December 14, 2019

Women are engaged in less criminal activity than men

Women and men look physically different. Yet, we have in common a shared humanity that distinguishes us from animals: our ability to love, think, feel fear, anger, joy, even boredom. However, the thing that sets us apart absolutely is the criminality of men. In this essay, I argue that women are far less engaged in criminal activity than me.

According to Steffensmeier and Streifel: “Gender is the single best predictor of criminal behavior: men commit more crime, and women commit less.”[i] Moreover, the authors assert that “(t)his distinction holds throughout history, for all societies, for all groups, and for nearly every crime category.” There is only one category for which more women are arrested than men, and that is prostitution.[ii] And even then, many sex worker activists might argue that it is the clients who are the criminals, not the women.

Rape is one of the most heinous crimes that has pervaded humanity’s history in every culture. Rape of a man or another woman by a woman is rare. Women do not rape. Rape is a crime unique to men. In 2005, the United Nations[iii]estimated that 250,000 women and children had been raped worldwide. That’s a quarter of a million people (men and women) mostly raped by men, just for starters.

Wikipedia[iv]gives the figure for rape in a first world country like Australia in that year as 91 people per 100 000, although this dropped to 28 in 2010. In developing countries like South Africa, an estimated 114 people are raped per 100 000. We do not know the statistics in many countries where rape is seen as a stain on the victim, rather than the perpetrator and therefore is not reported.

Let’s compare these figures to intentional homicide. The Global Study on Homicide 2013[v] gives the figure of 437,000 homicides across the world in 2012, which equals around 6.2 per 100,000 population. Only about 1.6 women in America commit intentional murder compared to 11,3 per 100,000 men.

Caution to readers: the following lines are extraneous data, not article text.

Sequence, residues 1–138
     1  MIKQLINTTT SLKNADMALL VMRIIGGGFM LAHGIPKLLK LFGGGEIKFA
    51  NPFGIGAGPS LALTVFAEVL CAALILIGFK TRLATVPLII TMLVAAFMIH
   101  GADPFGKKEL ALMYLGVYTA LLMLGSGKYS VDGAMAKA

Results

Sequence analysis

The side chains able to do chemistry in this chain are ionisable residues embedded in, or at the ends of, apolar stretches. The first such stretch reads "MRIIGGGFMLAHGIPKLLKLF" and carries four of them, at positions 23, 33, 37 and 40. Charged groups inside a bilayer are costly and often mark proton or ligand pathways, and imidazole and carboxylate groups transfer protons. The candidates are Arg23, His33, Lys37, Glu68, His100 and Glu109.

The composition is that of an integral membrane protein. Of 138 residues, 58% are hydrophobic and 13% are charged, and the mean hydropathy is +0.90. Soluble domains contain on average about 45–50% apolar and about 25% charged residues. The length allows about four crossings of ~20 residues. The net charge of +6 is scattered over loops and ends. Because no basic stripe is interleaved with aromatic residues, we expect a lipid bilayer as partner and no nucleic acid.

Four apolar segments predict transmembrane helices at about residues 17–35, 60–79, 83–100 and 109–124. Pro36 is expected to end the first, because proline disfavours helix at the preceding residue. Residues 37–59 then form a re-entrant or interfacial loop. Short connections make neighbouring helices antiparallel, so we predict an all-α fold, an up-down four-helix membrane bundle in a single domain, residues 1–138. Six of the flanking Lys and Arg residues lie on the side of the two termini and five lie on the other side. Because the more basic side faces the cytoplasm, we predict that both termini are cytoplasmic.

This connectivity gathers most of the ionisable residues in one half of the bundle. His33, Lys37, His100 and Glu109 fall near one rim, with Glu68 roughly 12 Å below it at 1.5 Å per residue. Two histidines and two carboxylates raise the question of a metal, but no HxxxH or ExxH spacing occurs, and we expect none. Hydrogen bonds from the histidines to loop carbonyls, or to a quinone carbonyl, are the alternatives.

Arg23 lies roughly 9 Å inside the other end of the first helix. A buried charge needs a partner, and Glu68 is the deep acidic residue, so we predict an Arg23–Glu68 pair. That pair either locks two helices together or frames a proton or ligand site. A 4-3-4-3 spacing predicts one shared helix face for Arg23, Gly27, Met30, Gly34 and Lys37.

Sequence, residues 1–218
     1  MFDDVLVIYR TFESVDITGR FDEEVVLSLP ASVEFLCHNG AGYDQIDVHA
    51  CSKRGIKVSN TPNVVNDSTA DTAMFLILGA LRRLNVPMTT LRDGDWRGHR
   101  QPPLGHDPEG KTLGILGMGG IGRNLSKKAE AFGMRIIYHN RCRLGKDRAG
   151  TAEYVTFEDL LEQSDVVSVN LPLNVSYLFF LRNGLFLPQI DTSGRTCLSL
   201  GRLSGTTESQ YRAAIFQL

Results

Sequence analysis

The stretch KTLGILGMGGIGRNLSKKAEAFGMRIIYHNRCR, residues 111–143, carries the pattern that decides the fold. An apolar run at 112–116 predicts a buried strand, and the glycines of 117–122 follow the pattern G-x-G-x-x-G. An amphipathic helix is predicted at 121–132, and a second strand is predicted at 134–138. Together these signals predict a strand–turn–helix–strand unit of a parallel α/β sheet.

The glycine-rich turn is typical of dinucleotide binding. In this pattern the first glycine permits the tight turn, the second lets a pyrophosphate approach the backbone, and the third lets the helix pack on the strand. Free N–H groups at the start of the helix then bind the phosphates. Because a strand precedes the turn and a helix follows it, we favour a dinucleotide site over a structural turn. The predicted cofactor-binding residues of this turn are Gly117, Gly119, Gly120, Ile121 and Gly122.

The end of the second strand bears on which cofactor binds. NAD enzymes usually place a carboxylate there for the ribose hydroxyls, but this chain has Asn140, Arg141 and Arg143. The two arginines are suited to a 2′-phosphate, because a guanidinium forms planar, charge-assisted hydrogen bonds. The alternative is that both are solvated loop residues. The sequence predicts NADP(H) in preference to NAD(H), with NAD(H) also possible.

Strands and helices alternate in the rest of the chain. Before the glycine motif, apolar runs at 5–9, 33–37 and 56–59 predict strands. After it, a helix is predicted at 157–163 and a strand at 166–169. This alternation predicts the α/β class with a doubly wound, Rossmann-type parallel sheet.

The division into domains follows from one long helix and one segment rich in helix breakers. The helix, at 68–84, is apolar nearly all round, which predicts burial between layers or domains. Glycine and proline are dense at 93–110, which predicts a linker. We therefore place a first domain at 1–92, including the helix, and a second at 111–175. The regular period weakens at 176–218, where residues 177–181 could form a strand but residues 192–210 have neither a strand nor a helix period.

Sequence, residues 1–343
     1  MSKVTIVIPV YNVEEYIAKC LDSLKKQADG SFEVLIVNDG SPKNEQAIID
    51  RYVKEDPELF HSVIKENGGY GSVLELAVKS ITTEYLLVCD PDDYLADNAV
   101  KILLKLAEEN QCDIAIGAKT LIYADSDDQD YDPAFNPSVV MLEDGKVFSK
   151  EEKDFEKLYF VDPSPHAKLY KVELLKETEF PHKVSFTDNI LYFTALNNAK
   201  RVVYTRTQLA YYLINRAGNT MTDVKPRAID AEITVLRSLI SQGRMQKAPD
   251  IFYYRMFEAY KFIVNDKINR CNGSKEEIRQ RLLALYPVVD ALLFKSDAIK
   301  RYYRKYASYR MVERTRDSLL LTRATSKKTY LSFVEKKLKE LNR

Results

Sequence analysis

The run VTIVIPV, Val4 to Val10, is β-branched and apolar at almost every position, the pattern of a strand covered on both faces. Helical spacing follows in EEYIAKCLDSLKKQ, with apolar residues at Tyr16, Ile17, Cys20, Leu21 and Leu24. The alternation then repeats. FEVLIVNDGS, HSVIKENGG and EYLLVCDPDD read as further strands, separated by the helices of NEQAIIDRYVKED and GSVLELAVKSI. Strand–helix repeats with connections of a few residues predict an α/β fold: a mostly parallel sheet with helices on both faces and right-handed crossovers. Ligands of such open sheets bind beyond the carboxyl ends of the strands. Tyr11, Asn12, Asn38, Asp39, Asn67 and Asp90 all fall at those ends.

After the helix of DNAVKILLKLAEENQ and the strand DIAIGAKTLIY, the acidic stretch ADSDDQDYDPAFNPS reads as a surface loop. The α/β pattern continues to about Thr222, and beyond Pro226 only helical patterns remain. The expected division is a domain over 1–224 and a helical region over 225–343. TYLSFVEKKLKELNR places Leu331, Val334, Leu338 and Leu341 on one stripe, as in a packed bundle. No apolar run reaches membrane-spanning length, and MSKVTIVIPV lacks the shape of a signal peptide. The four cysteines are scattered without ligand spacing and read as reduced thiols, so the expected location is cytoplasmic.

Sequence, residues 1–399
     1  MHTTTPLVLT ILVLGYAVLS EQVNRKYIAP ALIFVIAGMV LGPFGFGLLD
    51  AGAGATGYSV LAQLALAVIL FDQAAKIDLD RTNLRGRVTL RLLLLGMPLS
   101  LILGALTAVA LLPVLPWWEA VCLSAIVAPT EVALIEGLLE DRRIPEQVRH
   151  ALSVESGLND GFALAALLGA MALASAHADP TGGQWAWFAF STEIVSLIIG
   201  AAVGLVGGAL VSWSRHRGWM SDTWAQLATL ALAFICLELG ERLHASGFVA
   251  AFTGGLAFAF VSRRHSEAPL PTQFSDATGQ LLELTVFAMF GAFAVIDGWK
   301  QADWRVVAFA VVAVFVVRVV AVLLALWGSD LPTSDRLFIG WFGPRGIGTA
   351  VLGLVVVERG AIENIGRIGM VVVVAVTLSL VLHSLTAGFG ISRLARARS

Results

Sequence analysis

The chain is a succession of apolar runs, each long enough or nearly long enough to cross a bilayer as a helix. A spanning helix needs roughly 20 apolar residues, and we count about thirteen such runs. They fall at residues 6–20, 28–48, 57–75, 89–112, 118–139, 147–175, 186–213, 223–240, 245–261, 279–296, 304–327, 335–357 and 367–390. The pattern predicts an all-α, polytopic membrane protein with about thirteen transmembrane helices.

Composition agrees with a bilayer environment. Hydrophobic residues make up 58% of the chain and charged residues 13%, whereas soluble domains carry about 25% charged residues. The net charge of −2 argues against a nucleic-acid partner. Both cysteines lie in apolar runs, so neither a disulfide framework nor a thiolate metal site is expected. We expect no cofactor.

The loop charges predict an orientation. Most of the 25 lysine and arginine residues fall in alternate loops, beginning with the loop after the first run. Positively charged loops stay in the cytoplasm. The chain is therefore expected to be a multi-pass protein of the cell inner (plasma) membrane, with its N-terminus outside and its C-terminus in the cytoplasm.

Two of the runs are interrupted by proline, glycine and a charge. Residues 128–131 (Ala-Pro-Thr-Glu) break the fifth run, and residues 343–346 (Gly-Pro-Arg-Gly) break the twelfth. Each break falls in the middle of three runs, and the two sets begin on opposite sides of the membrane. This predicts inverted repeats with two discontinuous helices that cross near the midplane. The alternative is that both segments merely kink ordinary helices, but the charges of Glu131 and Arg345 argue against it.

Men are almost solely responsible for mass shootings[vi]and acts of terrorism, killing innocent bystanders. We only have to think about the recent London Bridge massacre; the Manchester Ariane Grande concert; the Nice massacre… all of these crimes committed in the name of religion against complete strangers were carried out by men. Recent mass shootings at schools or in communities in China, Norway and the United States have also been by men.

Men are also responsible for sex trafficking of women and children, for it is for the “pleasure” of men that women and children are abducted and forced to work in the sex trade. Women do not force other women to pleasure them for money.

Serial killers tend to be male, and their victims often female. Women also tend not to get involved in the criminal side of gangs, although they may be “groupies’.

The crimes mentioned above – rape, intentional homicide, mass shootings, acts of terror and sex trafficking, serial killing – are all carried out predominantly by men. Moreover, the female-to-male ratio remains fairly constant across the life span.[vii]The same disproportionate numbers appear for less serious offences, such as burglary, robbery, fraud or shoplifting: men commit far more of these crimes. This is despite similar circumstances like poverty, lack of education, poor parenting and similar motivations, such as the need for money.

In summary, despite both women and men being sensate creatures – able to love, laugh, get angry or engage in criminal activity – women choose not to commit crimes. Their contribution to the world on this level is negligible. Thank goodness for women.

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[i]Steffensmeier and Streifel (1991) Age, Gender and Crime across three historical periods: 1935, 1960 and 1985. Social Forces.

[ii]Ibid.

[iii] https://en.wikipedia.org/wiki/Rape_statistics

[iv] Ibid.

[v] http://www.unodc.org/unodc/en/data-and-analysis/Eighth-United-Nations-Survey-on-Crime-Trends-and-the-Operations-of-Criminal-Justice-Systems.html

[vi] https://www.bustle.com/articles/127381-statistics-on-female-murderers-show-theyre-predictably-less-common-than-male-killers

[vii]Steffensmeier and Streifel (1991) Age, Gender and Crime across three historical periods: 1935, 1960 and 1985. Social Forces.